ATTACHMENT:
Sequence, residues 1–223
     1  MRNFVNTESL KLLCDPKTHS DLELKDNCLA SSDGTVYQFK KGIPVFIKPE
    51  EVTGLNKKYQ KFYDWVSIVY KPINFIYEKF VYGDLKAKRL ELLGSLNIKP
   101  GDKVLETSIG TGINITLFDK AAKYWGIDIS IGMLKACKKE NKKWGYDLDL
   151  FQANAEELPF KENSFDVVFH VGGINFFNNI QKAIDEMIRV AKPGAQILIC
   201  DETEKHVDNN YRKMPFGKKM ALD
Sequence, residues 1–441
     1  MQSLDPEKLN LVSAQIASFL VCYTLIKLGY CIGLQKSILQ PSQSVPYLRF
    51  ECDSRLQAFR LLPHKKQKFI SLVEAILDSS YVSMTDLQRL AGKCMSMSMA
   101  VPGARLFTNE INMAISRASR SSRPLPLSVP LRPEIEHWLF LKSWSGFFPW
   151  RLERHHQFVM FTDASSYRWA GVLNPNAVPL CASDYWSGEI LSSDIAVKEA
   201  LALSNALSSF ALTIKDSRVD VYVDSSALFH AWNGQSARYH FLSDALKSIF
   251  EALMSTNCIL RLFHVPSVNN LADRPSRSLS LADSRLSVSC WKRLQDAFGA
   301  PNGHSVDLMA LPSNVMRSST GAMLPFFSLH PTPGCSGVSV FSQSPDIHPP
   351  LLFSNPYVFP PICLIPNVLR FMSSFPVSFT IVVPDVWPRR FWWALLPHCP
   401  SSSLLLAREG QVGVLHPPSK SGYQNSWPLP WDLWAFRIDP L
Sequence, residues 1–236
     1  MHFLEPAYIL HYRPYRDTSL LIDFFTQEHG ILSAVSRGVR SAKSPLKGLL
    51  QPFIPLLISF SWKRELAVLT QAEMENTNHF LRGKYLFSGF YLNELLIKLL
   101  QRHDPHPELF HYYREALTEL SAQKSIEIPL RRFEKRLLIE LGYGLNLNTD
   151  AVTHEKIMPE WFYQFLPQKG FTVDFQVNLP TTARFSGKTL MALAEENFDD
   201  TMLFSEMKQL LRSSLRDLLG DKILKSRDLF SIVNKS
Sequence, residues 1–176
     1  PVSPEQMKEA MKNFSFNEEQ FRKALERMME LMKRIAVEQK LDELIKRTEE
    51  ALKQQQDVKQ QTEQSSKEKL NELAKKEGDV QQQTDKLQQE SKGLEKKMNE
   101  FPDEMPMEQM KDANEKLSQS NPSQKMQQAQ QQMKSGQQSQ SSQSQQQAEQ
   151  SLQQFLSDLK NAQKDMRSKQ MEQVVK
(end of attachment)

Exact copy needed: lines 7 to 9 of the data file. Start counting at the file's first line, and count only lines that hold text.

Sequence, residues 1–441
     1  MQSLDPEKLN LVSAQIASFL VCYTLIKLGY CIGLQKSILQ PSQSVPYLRF
    51  ECDSRLQAFR LLPHKKQKFI SLVEAILDSS YVSMTDLQRL AGKCMSMSMA